Blogger Drew Conry-Murray, writing in Packet Pushers, looked into the new SDN interoperability consortium based...
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at the University of New Hampshire InterOperability Laboratory (UNH-IOL). The new consortium expands the school's existing lab for research on SDN switching and controller interoperability. The new SDN switching and controller project costs $20,000 to join and opens Aug. 1.
While UNH-IOL has not named consortium members, the lab counts Juniper Networks, Cisco, Brocade Communications Systems and other leading networking vendors as members. The consortium will have multiple goals such as interoperability testing for SDN switching and controllers, benchmarking for OpenFlow as well as OpenFlow, NETCONF and RESTCONF conformity.
Explore more of Conry-Murray's update from UNH-IOL.
Achieving integrity in network telemetry
Greg Ferro, writing in Ethereal Mind, mused about integrity in network telemetry. Because vendors are responsible for bearing the costs of fixing significant device problems, and because application program interfaces (APIs) run on network devices and report on their performance, vendors are incentivized to configure APIs to hide problems from users -- or to paint a rosier picture of a device's performance. Ferro draws comparisons between network vendors and Volkswagen's recent Dieselgate scandal.
Ferro reminded readers that open source isn't necessarily better, bearing plenty of risk of error and poor design, but nonetheless, transparency is valuable for business. Ferro adds that buyers should be willing to consider that any API can report false data, but that for many vendors legal liability offers few disincentives in the race for quarterly results. Customers place great trust in closed systems --only independent testing can help to validate or draw into question buyer's assumptions.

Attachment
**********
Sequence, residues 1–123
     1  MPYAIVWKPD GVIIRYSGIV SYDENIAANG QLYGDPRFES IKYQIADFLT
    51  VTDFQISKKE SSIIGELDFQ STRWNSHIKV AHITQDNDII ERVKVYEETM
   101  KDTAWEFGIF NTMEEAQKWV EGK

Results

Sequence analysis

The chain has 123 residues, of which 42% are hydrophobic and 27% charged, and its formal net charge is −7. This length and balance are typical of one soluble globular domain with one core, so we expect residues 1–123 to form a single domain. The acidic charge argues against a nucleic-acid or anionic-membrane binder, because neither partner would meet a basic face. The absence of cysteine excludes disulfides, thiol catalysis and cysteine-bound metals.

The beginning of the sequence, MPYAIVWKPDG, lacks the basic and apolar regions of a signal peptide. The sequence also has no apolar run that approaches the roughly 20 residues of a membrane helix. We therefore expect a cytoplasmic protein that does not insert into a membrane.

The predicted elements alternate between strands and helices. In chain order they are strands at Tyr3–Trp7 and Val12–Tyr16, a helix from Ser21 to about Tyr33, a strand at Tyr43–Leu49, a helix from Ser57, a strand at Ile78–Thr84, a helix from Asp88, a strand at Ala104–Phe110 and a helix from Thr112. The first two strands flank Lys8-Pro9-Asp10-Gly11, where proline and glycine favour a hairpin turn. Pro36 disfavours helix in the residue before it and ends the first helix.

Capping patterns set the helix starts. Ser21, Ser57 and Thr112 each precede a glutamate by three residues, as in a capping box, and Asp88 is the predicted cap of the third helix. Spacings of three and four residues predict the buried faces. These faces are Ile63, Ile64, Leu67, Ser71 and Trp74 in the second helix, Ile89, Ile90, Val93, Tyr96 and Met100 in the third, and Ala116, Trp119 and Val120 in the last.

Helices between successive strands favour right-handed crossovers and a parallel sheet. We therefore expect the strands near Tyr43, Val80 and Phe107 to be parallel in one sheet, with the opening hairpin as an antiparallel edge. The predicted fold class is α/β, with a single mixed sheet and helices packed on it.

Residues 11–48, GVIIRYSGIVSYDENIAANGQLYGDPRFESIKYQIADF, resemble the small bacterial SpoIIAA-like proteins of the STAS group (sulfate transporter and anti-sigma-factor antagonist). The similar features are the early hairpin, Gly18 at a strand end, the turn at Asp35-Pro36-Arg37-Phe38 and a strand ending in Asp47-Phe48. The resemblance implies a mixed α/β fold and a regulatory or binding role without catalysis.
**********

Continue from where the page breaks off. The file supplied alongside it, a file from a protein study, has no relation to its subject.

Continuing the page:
Read more from Ferro and his thoughts about network telemetry.
Federal court rescues the cloud
Terri McClure, an analyst at Enterprise Strategy Group in Milford, Mass., followed up on a significant federal court case involving the cloud. The U.S. Department of Justice took Microsoft to trial after attempting to subpoena email data from a Microsoft data center in Ireland, which Microsoft refused. In July, 2014, a judge ruled that because the data was managed and accessible from the United States, Microsoft would need to comply with the subpoena.
The recent court ruling reversed the decision from 2014, finding that the data in Ireland was beyond the reach of domestic search warrants. According to McClure, the case was a hard-fought battle with Apple, AT&T and even the American Civil Liberties Union siding with Microsoft in court -- even as the company was charged with contempt of court and risked breaking the law in both the U.S. and Ireland. In McClure's view, the case highlights the need for improved regulation in regard to the internet and data privacy.
Check out McClure's details on Microsoft's cloud case.
Delilah Trojan emerges to recruit insider threats
Avivah Litan, an analyst at Gartner, warns of the criminal recruitment of insiders through an emerging Trojan known as "Delilah." The Trojan recruits employees, contractors and other victims through extortion, social engineering or ransomware tactics. According to Diskin Advanced Technologies, a threat intelligence group, the Trojan isn't available on the black market and is still held by closed hacking groups.
The bot can be accidentally downloaded from adult and gaming websites, gathering enough personal information, often about family and workplace, to extort insiders. The bot sometimes activates the web camera to gather video and screenshots, and is typically associated with VPNs. Presently, the Trojan is still buggy and heavily reliant on human hackers who choose targets -- it often yields error messages activating the webcam or freezes monitors owing to the large volume of screenshots. Litan recommends gathering more endpoint data, particularly with TOR and VPN connections, to identify insider threats.
Read more from Litan about insider threat Trojans.
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